Philippine military - a growing force in social . . . and political life
When Filipinos discuss the perennial question of President Ferdinand Marcos's successor, they usually mention the President's wife, Imelda, ministers like Defense Secretary Juan Ponce-Enrile or Labor Minister Blas Ople, or an institution - the military.Skip to next paragraph
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On the face of it, a government run or influenced by the military would break with Filipino tradition. Like its former colonizer, the United States, the Philippines has tended to have a strictly professional and apolitical military establishment.
But, in fact, the tradition has already been broken. Ten years of martial law in the Philippines (September 1972 to January 1981) transformed the military into a major force in social and political life.
Under martial law, military officers ran law courts, local governments, federal agencies, and quite a few companies formerly owned by members of the opposition. Some commanders of the Armed Forces of the Philippines (AFP) joined the inner circle of Marcos confidants and advisers.
They are still there today. Several generals remain probably the President's most trusted aides, while the military continues to be active in areas far removed from the usual purview of soldiers.
It was, for example, a committee of officers which invited some of the country's leading journalists, all of them regular critics of the government, to three- or four-hour dialogues late last year. The journalists say the dialogues in fact bordered on intimidation.
Several factors may make the military a political force to contend with:
* Its size, which almost tripled during martial law. In 1972 the combined forces of the AFP and the paramilitary Philippine Constabulary (PC) stood at 54, 000. Today they number 156,000. Ten years ago they were backed up by a paramilitary force - village-based home defense volunteers - of just 400 men. Today there are more than 60,000 home defense force volunteers throughout the country.
* Its scope. In the Philippines today there are probably only two institutions that spread down to the grass roots throughout the country: the Roman Catholic Church and the military. And in many places the two are at loggerheads. Civilian local government and grass-roots civilian politics have been slow to recover from the enforced inactivity of martial law.
* And its cohesion. There are of course rivalries inside the armed forces: between the various services, or between graduates of the Philippine Military Academy (PMA), the country's West Point, and the reserve officers, whom PMA graduates tend to look down on. Some officers are said to be frustrated by the preference they claim has been given to officers from the President's home province of Ilocos Norte.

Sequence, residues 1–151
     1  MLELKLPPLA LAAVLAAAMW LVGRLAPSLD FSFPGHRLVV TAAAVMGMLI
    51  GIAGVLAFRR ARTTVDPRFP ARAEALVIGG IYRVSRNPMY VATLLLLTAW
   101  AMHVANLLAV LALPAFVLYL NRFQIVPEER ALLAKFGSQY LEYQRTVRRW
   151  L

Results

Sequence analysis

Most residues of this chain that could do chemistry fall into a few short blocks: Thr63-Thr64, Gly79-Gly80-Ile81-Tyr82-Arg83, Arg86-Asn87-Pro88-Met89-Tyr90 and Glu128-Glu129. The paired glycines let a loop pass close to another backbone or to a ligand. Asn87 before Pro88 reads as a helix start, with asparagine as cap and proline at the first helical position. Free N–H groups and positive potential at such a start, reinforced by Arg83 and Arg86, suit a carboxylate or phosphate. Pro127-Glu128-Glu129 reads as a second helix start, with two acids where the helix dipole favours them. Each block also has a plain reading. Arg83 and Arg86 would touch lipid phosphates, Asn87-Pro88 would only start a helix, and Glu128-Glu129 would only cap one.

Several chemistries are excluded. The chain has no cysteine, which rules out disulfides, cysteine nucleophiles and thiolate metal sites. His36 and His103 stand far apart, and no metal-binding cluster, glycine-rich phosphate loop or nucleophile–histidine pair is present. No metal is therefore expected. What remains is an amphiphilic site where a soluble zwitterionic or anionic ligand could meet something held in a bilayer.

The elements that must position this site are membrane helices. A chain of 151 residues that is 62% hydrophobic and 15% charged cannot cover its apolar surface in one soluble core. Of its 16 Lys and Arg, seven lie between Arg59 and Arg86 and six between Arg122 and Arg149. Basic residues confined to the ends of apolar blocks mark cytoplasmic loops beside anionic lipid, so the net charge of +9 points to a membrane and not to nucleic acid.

But if there are any major political rifts inside the armed forces, they have been well hidden from outside eyes. And their cohesion is all the more striking when compared with Mr. Marcos' civilian supporters in his Movement for a New Society (known as Kilusang Bagong Lipunan or KBL in the national language, Tagalog). They are currently embroiled in a fight over the future of the prime minister, Cesar Virata.
Top military leaders seem totally devoted to the President, but they may not automatically transfer that devotion to a successor - even one handpicked by Marcos.
Two of the most influential military officers are relatives of the President: Gen. Fabian Ver, chief of staff, head of the Presidential Security Command, and director of the National Intelligence Board, is said to be an uncle of the President; the deputy chief of staff and commander of the Philippine Constabulary, Gen. Fidel Ramos, is reportedly a cousin.
Both were part of the small group of men who planned martial law, and both have accrued political power and experience since then. There are, however, signs that General Ver does not see eye to eye with another architect of martial law - and would-be successor to the President - Juan Ponce Enrile.
A source sympathetic to Mr. Enrile says there have been ''several attempts to drive a wedge between the President and Enrile.'' The wedge driver, the source suggested, was General Ver. And, the source continued, although General Ver is only chief of staff, he sometimes bypasses Mr. Enrile on important appointments.